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  • Topic: String theory, Superstring theory, Dimension
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  • Published : April 9, 2013
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Introduction to M-theory
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This article is an accessible, non-technical introduction to the subject. For the main encyclopedia article, see M-theory[->0]. String theory|
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Superstring theory[->3]|
Theory[hide] ·String theory[->4] Superstring theory Bosonic string theory M-theory (simplified) Type I string Type II string F-theory Heterotic string String field theory| Concepts[show] ·[->5]|

Related topics[show] ·[->6]|
Scientists[show] ·[->7]|
GlossaryHYPERLINK \l ""[show][->8] ·[->9]|
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In non-technical terms, M-theory[->11] presents an idea about the basic substance of the universe[->12]. Contents[hide] ·1 Background 2 Status 3 See also 4 References 5 Books 6 External links| [edit] Background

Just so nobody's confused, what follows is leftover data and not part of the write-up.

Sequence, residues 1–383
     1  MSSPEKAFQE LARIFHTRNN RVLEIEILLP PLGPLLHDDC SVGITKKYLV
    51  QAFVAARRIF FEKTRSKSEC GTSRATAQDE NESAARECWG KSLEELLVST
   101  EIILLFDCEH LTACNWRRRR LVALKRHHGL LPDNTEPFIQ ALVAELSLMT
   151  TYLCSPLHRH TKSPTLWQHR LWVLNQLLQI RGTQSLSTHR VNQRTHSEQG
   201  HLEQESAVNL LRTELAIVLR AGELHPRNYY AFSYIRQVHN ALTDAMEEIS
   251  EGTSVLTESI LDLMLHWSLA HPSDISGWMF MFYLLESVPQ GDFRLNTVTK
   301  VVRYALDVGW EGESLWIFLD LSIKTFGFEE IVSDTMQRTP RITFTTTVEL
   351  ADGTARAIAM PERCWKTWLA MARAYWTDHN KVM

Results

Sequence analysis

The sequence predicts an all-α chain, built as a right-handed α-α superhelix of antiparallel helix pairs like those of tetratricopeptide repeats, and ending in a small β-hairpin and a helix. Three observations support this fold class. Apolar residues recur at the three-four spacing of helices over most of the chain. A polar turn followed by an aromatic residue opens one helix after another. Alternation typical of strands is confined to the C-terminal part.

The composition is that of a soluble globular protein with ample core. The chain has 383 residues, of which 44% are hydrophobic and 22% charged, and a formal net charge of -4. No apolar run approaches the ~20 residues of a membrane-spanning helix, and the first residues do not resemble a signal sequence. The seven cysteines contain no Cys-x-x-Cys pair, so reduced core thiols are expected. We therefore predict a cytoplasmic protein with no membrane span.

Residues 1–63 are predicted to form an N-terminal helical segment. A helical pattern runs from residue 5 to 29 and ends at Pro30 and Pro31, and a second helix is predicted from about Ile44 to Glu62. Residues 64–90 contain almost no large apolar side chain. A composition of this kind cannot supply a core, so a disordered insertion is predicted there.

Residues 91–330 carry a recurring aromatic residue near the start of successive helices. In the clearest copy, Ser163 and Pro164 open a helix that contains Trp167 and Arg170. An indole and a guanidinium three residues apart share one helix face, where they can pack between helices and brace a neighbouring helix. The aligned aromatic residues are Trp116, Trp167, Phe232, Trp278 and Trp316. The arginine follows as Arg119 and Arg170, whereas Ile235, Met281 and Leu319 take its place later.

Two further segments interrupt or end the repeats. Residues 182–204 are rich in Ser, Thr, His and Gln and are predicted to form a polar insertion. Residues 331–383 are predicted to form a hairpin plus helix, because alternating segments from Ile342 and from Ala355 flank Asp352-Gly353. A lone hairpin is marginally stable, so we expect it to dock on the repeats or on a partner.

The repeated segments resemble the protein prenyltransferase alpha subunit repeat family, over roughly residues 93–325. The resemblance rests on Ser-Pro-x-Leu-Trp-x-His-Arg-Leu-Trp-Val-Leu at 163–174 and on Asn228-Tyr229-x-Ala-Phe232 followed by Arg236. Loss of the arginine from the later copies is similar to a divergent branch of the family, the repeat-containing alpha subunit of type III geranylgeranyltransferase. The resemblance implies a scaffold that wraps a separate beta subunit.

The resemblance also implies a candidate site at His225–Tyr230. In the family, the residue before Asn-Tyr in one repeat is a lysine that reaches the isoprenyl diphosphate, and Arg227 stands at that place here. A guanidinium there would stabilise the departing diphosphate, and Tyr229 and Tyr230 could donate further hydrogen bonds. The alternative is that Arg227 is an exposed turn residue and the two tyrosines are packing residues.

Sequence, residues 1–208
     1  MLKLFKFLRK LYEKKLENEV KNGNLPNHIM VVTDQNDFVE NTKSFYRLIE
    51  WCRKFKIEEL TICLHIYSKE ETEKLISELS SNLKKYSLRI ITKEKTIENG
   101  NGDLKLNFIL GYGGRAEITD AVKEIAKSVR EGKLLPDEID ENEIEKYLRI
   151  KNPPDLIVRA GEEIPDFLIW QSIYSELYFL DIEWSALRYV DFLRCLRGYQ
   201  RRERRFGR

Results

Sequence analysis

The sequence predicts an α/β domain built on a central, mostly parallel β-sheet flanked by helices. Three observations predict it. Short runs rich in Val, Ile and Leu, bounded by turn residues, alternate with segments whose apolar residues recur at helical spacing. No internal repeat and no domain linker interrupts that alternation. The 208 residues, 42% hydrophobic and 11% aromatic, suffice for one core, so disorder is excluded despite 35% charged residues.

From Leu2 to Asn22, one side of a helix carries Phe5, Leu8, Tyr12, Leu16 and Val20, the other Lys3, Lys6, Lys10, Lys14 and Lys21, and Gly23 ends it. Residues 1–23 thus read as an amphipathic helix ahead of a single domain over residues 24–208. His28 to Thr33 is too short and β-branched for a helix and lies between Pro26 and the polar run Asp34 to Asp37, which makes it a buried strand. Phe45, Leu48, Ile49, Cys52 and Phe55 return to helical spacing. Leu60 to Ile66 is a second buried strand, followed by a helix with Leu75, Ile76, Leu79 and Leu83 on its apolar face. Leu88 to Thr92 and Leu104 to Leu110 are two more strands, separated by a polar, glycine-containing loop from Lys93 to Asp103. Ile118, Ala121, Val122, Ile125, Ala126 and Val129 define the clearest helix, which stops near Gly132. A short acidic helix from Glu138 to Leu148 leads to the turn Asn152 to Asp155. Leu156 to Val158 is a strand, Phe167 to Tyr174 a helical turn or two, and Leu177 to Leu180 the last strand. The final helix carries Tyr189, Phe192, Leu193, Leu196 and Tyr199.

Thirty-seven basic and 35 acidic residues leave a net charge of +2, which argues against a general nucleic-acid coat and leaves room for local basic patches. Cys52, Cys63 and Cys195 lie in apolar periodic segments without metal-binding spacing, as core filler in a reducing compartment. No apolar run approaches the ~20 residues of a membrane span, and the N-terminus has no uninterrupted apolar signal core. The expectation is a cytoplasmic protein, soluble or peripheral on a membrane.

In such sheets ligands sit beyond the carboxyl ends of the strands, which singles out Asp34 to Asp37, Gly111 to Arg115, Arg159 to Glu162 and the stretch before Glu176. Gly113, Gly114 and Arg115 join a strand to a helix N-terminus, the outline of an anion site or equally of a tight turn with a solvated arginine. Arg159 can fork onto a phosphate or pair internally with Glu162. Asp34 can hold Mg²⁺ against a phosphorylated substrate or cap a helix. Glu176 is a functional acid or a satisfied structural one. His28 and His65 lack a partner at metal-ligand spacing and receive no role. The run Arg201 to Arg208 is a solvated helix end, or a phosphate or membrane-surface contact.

In the early years of the 20th century, the atom[->13] – long believed to be the smallest building-block of matter[->14] – was proven to consist of even smaller components called protons[->15], neutrons[->16] and electrons[->17], which are known as subatomic particles[->18]. Beginning in the 1960s, other subatomic particles were discovered. In the 1970s, it was discovered that protons and neutrons (and other hadrons[->19]) are themselves made up of smaller particles called quarks[->20]. Quantum theory[->21] is the set of rules that describes the interactions of these particles. In the 1980s, a new mathematical model of theoretical physics[->22] called string theory[->23] emerged. It showed how all the particles, and all of the forms of energy in the universe, could be constructed by hypothetical one-dimensional "strings", infinitesimal building-blocks that have only the dimension of length, but not height nor width. Further, string theory suggested that the universe is made up of multiple dimensions[->24]. Height, width, and length constitute three-dimensional space, and time gives a total of four observable dimensions; however, string theories initially supported...
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